A Question of The Rights of the Government V.S. The Rights of a Sex Offender

This year at National Issues Forum delegates saw many controversial proposals. Arguably #109 was one of the most controversial. Written by Jake Johnson of Lakeville delegation, it seeks to implement a nationwide law requiring registered sex offenders to be surgically castrated. The heart of the controversy seemed settled in the question of how much control a government is allowed over a criminal’s body, which created a clear divide between the two sides.

According to the author, in 1st and 2nd committee the proposal faced strong opposition. The opposing Delegates in second round, committee one were quick to pick apart Johnson’s proposal, pointing out that this proposal only applies to male sex offenders due to the lack of an equivalent operation for females. Also it was discusses that it falls under cruel and unusual punishment. The biggest and arguably most problematic part of this proposal was that the author was unsure about which specific sex offenders would be castrated. Specifically, in the proposal the author’s title or purpose mentions only child sex offenders, but in their Proposal For Action part, they state all sex offenders. While debating the bill in second round committee, the author still wasn’t sure what kinds of sexual offenders deserve castration, stating he was unsure and would need to do more research on whether or not teens registered because of sexting, or people who have publicly urinated deserve surgical castration. Lastly, in the proposal, those determined to be eligible for the surgery would have to pay out of pocket, but could also pay with their health insurance. Delegates on the con side were against this because if this is your punishment, you should pay out of pocket.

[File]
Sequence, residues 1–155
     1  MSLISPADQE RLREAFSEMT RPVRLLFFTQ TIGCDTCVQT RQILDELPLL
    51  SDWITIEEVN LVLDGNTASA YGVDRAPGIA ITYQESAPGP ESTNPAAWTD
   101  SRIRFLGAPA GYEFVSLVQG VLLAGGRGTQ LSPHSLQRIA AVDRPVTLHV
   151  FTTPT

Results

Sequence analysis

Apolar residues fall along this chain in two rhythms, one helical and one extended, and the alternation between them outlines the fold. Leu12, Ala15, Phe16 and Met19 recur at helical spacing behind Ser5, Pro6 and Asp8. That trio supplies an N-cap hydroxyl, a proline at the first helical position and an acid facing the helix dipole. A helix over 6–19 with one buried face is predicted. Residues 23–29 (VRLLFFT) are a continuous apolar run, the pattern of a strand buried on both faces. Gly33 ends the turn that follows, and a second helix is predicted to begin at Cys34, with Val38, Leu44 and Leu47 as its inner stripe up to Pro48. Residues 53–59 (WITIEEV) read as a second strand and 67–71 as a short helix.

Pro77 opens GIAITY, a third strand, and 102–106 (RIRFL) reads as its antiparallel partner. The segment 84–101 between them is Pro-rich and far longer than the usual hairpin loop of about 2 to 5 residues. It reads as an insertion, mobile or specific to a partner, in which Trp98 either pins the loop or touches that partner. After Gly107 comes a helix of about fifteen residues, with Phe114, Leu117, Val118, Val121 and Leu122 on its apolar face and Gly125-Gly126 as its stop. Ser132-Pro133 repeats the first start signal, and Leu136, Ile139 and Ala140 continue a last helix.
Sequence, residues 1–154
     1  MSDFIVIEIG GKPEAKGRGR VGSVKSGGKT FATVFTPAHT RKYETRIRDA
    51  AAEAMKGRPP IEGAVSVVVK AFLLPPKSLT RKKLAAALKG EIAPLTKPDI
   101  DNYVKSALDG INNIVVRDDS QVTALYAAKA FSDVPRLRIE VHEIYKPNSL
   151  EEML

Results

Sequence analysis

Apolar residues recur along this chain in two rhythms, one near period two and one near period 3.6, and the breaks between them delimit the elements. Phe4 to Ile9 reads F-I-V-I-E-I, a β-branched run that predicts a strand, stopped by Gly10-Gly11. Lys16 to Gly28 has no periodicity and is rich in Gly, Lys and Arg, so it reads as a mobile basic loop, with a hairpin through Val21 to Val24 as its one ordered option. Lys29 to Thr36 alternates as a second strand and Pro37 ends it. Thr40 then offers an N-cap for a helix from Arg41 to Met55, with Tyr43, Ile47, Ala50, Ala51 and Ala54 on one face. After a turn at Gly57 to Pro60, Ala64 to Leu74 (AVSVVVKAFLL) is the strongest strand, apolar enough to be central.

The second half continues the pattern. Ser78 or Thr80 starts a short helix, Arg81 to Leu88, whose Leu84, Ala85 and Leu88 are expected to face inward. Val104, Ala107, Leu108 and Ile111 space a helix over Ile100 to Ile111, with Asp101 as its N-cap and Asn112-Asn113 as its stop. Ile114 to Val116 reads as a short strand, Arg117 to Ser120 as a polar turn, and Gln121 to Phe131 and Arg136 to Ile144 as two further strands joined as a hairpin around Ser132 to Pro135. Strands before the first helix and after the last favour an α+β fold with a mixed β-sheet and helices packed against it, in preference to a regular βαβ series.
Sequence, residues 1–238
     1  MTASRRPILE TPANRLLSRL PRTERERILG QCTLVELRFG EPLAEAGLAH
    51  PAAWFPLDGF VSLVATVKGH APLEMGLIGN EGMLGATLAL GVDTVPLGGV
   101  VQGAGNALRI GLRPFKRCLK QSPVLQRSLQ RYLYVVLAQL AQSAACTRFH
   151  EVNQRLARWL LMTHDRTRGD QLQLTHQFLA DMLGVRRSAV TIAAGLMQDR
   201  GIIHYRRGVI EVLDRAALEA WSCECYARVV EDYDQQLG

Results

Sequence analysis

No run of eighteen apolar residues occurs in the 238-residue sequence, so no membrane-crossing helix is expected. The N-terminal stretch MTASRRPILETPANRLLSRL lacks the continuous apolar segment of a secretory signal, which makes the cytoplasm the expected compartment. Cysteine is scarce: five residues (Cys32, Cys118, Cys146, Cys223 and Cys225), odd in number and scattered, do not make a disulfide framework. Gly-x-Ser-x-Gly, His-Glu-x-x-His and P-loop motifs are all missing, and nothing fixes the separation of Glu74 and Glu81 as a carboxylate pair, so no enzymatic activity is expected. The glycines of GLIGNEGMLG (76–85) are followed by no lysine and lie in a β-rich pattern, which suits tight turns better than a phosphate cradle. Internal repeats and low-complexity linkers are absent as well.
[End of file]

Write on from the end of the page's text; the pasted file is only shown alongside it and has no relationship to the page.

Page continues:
Delegates who agreed with proposal #109 were positive about this bills effects on society as a whole. The author, Jake Johnson, believed that although this proposal is harsh, it would act as a preventative measure for any potential sexual offenders if they had this punishment looming over their decisions. He believes that the punishment was not cruel and unusual, and that it was to prevent offenders from committing any more crimes.The fact that the offender would have to pay for the procedure themselves would also be a deterrent.

Proposal #109 did not make it past the second committee rounds on Saturday to General Assembly on Sunday.

Written by Anna Bergman

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